Objective. To determine the level of agreement between parents and clinicians in rating dysfunction in children with juvenile idiopathic arthritis (JIA). Methods. A parent of each patient completed the Italian version of the Childhood Health Assessment Questionnaire (CHAQ). Subsequently, an examiner assessed, in a specially equipped room, the child's performance of tasks as described by the CHAQ. Demographic and clinical variables were recorded for all patients. Results. Seventy consecutive JIA patients and their parents were included. The mean proxy-reported and observed CHAQ score was 0.64 ± 0.53 and 0.47 ± 0.62 respectively, the difference ranging from -1.75 to 1.5. There were 30 cases (43%) of agreement (difference ≤0.25 CHAQ units) between the parent's and clinician's ratings, whereas in 40 cases (57%) there was discordance (difference >0.25 CHAQ units). In 30 cases the parent rated the child's functional ability as worse than that observed by the clinician (i.e. the parent underestimated the child's function), whereas in 10 cases the parent rated the child's functional ability as better than that observed by the clinician (i.e. overestimated the child's function). Multivariate regression analysis showed that children's functional ability was overestimated by parents with increasing erythrocyte sedimentation rate and global articular severity score and underestimated with increasing level of pain. Among the functional areas of the CHAQ, the level of agreement was poorest in the areas of eating and hygiene and was best for activities. Conclusions. Discordance between proxy-reported and observed functional ability was frequent in our patients with JIA. The children's functional ability was overestimated by parents as the severity of arthritis increased and underestimated as the level of pain increased.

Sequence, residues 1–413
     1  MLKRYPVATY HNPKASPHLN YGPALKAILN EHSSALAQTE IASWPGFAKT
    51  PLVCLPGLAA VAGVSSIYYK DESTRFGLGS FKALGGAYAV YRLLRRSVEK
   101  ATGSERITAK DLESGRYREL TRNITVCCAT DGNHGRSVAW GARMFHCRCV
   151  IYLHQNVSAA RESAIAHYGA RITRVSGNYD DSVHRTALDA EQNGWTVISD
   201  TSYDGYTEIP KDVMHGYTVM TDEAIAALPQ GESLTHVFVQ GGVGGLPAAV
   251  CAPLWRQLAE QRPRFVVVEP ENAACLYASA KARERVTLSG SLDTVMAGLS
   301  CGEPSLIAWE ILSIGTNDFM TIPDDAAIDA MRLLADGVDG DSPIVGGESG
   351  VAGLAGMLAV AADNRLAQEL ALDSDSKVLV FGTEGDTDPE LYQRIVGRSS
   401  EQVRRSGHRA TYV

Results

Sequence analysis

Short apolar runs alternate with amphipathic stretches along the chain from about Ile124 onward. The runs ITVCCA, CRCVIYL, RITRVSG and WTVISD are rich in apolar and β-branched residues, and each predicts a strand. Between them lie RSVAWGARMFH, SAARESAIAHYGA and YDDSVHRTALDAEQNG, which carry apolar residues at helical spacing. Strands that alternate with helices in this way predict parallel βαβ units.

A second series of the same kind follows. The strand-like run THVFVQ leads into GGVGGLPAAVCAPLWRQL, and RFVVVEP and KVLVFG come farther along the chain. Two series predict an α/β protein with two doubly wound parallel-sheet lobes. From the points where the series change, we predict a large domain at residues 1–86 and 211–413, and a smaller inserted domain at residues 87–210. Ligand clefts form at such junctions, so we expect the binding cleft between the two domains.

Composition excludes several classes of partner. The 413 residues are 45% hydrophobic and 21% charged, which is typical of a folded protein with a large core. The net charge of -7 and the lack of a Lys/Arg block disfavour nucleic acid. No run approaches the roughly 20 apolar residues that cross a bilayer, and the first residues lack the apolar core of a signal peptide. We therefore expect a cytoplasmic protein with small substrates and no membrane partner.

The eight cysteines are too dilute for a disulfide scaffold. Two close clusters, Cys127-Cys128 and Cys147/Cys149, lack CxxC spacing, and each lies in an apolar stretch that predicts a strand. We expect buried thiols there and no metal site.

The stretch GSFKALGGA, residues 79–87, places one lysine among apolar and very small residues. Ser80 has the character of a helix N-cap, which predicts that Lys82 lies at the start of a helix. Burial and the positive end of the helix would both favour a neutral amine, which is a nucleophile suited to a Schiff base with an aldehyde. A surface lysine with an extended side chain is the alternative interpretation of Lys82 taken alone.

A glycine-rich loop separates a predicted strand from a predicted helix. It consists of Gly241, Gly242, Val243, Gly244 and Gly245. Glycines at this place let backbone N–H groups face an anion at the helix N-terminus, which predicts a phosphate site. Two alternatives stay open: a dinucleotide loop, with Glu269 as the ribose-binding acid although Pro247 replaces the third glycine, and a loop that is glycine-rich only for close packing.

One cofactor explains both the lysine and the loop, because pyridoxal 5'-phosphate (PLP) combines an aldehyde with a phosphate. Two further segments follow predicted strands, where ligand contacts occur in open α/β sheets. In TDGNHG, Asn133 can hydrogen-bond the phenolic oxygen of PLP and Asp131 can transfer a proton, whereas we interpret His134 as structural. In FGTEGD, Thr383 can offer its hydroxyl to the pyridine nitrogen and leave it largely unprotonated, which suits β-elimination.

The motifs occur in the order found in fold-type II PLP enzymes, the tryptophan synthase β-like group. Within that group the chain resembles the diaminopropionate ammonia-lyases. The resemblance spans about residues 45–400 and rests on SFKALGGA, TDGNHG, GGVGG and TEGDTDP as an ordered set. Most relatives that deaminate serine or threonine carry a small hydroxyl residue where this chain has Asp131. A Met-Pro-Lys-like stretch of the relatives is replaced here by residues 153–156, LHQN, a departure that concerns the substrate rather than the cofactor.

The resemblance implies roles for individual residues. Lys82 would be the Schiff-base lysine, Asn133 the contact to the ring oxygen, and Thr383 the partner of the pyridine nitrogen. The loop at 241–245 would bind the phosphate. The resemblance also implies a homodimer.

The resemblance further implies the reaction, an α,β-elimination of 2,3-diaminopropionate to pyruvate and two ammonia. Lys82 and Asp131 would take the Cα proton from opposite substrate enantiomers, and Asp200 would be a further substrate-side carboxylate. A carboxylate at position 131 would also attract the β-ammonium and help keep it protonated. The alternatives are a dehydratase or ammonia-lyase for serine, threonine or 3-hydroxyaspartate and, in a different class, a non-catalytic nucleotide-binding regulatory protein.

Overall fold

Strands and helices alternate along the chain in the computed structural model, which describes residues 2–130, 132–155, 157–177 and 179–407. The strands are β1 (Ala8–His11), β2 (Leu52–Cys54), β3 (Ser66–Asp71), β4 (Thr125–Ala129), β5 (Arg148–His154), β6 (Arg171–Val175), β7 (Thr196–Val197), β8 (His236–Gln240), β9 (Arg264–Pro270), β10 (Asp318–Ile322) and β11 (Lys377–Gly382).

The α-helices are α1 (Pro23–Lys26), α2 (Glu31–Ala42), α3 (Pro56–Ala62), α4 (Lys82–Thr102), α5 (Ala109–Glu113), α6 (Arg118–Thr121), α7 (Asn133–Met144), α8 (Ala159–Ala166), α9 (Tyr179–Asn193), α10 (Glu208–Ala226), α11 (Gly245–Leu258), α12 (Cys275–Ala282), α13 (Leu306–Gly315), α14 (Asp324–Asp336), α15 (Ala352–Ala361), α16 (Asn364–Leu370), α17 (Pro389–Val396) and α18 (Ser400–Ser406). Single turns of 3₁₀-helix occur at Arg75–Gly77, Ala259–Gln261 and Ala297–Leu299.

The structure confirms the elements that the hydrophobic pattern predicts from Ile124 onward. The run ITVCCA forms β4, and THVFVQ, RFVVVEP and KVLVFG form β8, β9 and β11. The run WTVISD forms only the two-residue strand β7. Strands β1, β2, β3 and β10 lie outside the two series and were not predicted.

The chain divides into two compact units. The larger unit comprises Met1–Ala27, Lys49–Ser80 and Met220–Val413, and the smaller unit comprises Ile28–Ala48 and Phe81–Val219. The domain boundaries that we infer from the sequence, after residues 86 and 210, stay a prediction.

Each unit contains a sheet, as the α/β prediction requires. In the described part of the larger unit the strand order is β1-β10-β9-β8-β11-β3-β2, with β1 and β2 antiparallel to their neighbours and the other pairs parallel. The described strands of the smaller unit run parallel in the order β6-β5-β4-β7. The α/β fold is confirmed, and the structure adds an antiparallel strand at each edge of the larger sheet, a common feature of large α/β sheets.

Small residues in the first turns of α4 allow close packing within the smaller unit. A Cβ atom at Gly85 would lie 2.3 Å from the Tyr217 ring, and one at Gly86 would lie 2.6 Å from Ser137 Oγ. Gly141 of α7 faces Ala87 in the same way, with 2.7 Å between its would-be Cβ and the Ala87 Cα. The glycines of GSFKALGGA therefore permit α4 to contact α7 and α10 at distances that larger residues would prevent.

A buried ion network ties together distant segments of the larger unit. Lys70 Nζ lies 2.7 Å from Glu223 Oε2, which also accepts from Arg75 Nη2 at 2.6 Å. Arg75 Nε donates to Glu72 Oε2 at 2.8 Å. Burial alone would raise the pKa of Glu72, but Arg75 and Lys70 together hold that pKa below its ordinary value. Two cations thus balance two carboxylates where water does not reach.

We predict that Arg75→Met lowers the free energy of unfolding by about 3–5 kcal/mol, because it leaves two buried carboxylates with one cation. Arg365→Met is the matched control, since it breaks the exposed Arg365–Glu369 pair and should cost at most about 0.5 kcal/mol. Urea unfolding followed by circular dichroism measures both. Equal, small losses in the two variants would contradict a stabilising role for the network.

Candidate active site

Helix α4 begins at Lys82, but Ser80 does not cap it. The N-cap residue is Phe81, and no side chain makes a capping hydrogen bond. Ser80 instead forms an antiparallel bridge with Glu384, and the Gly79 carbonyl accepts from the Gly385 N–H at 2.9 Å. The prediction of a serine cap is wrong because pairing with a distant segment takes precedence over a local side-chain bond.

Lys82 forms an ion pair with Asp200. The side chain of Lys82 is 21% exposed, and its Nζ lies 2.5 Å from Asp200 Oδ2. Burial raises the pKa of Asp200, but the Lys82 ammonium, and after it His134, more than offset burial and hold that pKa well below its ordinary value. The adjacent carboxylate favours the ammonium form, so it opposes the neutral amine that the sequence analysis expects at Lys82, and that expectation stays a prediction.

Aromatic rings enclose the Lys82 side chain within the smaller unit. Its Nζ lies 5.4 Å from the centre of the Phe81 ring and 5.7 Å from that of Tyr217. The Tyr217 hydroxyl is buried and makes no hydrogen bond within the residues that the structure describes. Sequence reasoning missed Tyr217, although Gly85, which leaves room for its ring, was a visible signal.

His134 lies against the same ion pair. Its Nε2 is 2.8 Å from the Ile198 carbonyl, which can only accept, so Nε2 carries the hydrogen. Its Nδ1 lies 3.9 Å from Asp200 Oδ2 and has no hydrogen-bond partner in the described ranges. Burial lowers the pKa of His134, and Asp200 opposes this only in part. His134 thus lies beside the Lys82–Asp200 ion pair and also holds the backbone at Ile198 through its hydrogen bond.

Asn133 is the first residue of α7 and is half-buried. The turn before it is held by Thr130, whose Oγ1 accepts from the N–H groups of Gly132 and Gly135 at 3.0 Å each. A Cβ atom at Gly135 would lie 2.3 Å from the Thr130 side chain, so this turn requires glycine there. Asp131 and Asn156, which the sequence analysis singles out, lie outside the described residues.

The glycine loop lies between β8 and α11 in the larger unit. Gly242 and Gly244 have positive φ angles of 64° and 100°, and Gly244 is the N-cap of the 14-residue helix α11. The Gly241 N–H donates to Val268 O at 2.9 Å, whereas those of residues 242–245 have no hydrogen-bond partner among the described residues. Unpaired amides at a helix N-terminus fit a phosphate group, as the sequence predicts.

|Number of pages||6|
|Publication status||Published - 2001|
- Functional ability
- Juvenile idiopathic arthritis
- Parent-physician agreement
ASJC Scopus subject areas